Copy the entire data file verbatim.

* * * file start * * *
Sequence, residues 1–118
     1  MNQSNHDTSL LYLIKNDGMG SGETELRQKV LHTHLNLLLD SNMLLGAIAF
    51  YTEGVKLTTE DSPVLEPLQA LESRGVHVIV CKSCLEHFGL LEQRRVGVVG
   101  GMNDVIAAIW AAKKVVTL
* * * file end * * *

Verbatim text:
Sequence, residues 1–118
     1  MNQSNHDTSL LYLIKNDGMG SGETELRQKV LHTHLNLLLD SNMLLGAIAF
    51  YTEGVKLTTE DSPVLEPLQA LESRGVHVIV CKSCLEHFGL LEQRRVGVVG
   101  GMNDVIAAIW AAKKVVTL